Would you recognize one of the greatest musicians in a subway station?
PSYCHIATRIC VIEWS ON THE DAILY NEWS
My wife and I just heard Joshua Bell play at a concert. He is probably the greatest virtuoso of our generation. Not surprisingly, he received a long-standing ovation, as he probably always does.
Except at a subway station.
Back in 2007, he donned a baseball cap and played some of his repertoire at the entrance to the Washington, DC subway station. The people, probably some who would pay big money to see him in concert, passed by: 1097 passed by, 27 gave some money, and 7 stopped for a while. It was part of a designed social experiment by the Washington Post. A symphony conductor had predicted maybe a hundred would stop.
About 7 years later, he spontaneously joined a busker there and got a bit more of a response.
What did the experiment mean? The rat race trumps musical beauty? Or did the music still stir the passersby without their knowing?
Surely all of us have been mistakenly identified—and mistaken others—in an unanticipated context.
In psychiatry, we must be careful of context, especially in an inpatient unit or emergency room. Researchers have pretended to be patients in those contexts and fooled many. It helps to know how patients behave in other contexts, especially in regard to personality disorders, one of the advantages of Zoom sessions.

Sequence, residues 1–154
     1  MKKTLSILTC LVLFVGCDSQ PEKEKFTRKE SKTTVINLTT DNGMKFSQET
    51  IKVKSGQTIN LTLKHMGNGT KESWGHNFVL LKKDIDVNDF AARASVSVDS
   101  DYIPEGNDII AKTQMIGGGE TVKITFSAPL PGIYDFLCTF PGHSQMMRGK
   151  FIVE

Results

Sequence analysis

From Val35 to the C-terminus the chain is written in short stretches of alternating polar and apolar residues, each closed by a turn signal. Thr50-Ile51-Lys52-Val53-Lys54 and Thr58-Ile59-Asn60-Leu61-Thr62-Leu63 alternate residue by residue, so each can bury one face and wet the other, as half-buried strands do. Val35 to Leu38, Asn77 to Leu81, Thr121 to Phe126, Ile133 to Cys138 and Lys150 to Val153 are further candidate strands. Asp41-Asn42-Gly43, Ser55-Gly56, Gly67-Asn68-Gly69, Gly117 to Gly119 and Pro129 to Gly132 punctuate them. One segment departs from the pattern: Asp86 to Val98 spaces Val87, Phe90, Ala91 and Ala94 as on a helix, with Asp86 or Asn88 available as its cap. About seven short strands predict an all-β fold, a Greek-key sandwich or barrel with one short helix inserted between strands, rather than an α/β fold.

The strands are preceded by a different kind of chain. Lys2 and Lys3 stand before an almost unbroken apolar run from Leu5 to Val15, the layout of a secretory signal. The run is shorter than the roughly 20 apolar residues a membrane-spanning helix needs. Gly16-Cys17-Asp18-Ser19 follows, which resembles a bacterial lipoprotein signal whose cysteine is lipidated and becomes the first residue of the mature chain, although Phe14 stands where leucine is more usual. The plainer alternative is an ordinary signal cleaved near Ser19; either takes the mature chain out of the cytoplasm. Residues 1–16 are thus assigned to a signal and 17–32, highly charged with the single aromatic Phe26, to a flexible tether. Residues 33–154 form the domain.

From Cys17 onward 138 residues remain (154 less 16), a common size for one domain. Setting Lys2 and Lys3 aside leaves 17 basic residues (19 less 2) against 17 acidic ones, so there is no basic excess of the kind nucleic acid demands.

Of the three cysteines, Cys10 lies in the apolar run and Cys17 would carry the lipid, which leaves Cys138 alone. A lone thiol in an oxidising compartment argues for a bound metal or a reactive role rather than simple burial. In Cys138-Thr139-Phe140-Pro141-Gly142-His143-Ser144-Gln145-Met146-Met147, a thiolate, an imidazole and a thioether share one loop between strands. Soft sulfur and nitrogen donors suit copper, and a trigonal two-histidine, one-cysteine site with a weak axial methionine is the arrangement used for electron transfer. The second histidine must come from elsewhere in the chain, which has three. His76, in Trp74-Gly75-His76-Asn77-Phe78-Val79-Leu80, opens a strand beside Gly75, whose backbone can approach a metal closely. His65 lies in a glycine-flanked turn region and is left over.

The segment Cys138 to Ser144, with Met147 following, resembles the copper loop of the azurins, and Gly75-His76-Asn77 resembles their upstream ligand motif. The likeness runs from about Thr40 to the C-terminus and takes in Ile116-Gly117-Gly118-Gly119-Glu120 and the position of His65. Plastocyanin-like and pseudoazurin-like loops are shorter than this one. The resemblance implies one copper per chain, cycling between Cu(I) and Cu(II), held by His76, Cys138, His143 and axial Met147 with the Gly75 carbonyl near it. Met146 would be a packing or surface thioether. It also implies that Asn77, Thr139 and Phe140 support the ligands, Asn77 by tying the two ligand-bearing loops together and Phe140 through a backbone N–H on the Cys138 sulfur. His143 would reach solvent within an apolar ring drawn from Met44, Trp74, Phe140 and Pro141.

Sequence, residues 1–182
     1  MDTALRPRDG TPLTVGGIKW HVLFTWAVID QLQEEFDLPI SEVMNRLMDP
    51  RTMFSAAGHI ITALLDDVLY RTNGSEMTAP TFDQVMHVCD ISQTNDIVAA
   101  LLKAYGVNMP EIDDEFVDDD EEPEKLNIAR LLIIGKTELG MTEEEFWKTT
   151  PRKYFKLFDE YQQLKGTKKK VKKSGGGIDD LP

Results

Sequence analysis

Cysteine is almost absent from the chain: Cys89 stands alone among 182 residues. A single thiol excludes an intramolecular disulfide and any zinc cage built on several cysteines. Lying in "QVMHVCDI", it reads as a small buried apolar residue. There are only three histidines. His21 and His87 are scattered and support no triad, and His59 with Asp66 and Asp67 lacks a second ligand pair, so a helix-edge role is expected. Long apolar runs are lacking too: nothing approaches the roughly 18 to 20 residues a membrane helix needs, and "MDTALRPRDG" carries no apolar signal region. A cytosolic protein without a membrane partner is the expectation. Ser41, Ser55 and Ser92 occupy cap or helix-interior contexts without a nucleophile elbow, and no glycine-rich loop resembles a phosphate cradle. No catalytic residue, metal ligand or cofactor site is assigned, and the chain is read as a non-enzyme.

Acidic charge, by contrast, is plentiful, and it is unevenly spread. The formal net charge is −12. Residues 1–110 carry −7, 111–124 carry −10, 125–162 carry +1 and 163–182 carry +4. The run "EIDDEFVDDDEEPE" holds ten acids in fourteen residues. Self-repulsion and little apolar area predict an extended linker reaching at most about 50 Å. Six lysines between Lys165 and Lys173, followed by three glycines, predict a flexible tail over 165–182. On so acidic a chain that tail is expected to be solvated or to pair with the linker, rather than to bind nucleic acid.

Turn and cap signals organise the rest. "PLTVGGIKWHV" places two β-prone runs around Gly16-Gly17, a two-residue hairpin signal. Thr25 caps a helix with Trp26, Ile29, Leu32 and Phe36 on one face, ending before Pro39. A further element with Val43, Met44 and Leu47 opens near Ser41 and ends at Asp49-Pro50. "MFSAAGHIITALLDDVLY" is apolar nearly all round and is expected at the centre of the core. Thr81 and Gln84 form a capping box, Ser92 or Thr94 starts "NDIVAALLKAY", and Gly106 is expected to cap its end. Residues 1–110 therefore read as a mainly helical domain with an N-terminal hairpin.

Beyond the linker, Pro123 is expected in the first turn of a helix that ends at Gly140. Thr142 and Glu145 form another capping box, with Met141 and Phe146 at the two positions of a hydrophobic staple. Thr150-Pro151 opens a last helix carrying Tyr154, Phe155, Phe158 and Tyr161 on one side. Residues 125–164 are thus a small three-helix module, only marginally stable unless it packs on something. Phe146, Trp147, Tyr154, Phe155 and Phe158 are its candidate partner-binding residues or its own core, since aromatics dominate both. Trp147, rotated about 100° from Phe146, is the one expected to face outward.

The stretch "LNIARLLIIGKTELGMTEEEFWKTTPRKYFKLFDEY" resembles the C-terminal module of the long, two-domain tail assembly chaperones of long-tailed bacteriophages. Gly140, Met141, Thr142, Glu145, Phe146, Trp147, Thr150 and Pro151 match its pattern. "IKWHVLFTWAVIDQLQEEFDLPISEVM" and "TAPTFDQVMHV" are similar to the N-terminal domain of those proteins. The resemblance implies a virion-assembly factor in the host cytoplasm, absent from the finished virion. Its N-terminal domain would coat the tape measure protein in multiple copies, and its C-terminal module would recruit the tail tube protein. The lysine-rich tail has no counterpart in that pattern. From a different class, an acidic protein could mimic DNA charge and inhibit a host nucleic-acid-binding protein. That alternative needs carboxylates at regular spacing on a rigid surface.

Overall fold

Maybe this is some of the justification—or at least context—for the Goldwater Rule. Surely, most public figures—and perhaps most people—act differently in their public persona versus privately.
Watchers beware and be open to the unexpected!
Dr Moffic is an award-winning psychiatrist who has specialized in the cultural and ethical aspects of psychiatry. A prolific writer and speaker, he received the one-time designation of Hero of Public Psychiatry from the Assembly of the American Psychiatric Association in 2002. He is an advocate for mental health issues related to climate instability, burnout, Islamophobia, and anti-Semitism for a better world. He serves on the Editorial Board of Psychiatric Times™.